ASPEN, Colo. (AP) – Hunter S. Thompson, the hard-living writer who inserted himself into his accounts of America’s underbelly and popularized a first-person form of journalism in books such as “Fear and Loathing in Las Vegas,” has committed suicide.
Thompson was found dead Sunday in his Aspen-area home of an apparent self-inflicted gunshot wound, sheriff’s officials said. He was 67. Thompson’s wife, Anita, had gone out before the shooting and was not home at the time.
Besides the 1972 classic about Thompson’s visit to Las Vegas, he also wrote “Fear and Loathing: On the Campaign Trail ‘72.” The central character in those wild, sprawling satires was “Dr. Thompson,” a snarling, drug- and alcohol-crazed observer and participant.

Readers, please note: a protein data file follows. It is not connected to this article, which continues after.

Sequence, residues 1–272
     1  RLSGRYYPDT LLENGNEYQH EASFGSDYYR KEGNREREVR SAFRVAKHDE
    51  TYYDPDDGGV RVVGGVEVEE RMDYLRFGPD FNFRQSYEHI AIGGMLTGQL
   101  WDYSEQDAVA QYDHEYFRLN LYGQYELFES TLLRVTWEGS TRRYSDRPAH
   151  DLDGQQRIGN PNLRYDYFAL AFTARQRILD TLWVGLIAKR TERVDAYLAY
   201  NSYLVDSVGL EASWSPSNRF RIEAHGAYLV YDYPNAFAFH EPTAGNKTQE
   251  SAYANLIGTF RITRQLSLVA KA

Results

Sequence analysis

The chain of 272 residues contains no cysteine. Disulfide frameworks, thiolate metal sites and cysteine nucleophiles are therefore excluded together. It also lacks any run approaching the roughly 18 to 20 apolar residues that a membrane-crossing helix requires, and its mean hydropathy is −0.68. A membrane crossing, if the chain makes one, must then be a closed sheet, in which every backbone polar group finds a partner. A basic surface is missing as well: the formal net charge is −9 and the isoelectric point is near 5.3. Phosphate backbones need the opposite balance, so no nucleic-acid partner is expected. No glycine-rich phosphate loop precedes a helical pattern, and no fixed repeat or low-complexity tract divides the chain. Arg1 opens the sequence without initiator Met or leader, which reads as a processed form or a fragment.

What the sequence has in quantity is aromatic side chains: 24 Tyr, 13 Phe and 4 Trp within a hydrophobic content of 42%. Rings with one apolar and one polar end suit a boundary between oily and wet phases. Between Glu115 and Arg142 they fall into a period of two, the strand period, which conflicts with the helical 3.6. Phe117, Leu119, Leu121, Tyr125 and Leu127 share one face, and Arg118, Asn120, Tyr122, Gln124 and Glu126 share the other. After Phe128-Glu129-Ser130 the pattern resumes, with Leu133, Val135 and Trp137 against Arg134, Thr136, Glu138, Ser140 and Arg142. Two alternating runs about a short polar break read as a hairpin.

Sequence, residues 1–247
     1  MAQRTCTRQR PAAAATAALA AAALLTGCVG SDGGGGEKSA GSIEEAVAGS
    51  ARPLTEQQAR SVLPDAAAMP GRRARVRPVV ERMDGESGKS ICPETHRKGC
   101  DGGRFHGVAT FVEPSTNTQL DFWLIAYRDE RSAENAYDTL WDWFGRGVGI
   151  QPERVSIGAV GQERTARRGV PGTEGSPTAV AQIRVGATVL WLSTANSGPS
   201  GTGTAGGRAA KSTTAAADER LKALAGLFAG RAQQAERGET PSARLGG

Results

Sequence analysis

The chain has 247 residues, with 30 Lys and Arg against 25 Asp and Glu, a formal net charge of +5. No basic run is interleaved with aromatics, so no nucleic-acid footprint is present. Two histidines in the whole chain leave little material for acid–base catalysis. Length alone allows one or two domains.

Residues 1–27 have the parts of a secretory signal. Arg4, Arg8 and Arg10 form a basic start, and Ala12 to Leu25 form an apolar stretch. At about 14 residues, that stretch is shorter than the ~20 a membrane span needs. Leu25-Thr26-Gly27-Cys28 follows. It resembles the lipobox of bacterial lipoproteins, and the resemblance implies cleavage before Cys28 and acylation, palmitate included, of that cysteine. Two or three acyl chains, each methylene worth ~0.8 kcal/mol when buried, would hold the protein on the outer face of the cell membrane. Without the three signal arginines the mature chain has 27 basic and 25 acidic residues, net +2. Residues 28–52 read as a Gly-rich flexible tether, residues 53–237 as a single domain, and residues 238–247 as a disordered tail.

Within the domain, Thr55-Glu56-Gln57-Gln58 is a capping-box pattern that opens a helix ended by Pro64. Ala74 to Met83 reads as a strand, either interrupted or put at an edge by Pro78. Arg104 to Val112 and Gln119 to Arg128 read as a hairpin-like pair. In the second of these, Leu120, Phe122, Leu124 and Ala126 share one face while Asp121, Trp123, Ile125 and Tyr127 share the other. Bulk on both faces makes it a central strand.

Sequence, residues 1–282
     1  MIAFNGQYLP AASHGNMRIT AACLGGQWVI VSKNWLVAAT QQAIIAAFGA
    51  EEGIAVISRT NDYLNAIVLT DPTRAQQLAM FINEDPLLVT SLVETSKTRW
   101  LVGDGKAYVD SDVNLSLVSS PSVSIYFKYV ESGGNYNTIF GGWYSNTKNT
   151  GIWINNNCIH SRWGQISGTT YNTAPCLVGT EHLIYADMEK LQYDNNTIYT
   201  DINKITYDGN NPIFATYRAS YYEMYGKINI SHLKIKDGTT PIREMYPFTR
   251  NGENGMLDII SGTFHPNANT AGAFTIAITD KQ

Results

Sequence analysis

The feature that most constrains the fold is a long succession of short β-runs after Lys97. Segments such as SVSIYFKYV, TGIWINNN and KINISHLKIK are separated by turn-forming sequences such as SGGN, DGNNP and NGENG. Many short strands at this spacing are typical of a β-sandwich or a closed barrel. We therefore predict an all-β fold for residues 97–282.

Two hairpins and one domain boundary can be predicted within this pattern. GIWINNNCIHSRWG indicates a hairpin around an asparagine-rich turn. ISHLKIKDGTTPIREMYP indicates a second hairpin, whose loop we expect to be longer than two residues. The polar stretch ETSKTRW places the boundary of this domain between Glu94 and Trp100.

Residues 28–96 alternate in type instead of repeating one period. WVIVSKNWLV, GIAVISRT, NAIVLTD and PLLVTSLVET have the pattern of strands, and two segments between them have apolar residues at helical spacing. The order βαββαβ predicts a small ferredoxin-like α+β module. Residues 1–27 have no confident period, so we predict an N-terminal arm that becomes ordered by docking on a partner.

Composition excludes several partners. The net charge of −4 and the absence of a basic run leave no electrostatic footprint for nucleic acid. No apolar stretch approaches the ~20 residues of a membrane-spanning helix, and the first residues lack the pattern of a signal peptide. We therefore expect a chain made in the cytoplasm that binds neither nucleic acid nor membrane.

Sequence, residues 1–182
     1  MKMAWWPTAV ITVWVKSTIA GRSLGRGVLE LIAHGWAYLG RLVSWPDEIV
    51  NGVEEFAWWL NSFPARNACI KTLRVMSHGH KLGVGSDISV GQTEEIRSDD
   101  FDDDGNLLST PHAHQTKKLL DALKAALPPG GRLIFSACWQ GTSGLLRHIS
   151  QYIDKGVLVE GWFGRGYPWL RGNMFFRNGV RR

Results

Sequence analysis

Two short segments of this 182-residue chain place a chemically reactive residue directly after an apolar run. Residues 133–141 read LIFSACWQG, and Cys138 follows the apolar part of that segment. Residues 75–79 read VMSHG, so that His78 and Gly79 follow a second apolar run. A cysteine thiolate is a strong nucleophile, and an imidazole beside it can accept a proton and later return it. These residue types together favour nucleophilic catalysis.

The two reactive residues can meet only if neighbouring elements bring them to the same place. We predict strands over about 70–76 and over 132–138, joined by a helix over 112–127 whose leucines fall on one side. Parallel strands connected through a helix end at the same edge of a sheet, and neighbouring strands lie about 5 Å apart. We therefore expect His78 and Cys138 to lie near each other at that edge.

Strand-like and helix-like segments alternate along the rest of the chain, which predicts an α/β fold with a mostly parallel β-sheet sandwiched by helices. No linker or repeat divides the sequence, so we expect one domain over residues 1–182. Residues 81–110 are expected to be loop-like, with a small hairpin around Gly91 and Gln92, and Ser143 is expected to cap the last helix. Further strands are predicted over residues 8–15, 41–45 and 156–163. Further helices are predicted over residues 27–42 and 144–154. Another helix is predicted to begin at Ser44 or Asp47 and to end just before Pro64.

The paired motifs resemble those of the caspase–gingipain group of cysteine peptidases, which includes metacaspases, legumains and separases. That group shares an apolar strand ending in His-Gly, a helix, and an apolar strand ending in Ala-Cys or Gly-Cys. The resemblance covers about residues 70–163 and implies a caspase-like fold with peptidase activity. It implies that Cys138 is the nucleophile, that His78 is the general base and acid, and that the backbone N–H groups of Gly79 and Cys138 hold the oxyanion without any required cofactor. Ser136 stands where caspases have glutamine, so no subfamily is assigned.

Thompson is credited alongside Tom Wolfe and Gay Talese with helping pioneer New Journalism — or, as he dubbed it, “gonzo journalism” — in which the writer made himself an essential component of the story.
Thompson also wrote such collections as “Generation of Swine” and “Songs of the Doomed.” His first ever novel, “The Rum Diary,” written in 1959, was first published in 1998.
He was a counterculture icon at the height of the Watergate era, and once said Richard Nixon represented “that dark, venal, and incurably violent side of the American character.”
Other books include “The Great Shark Hunt,” “Hell’s Angels” and “The Proud Highway.” His most recent effort was “Hey Rube: Blood Sport, the Bush Doctrine, and the Downward Spiral of Dumbness.”
He also is survived by his son, Juan Thompson.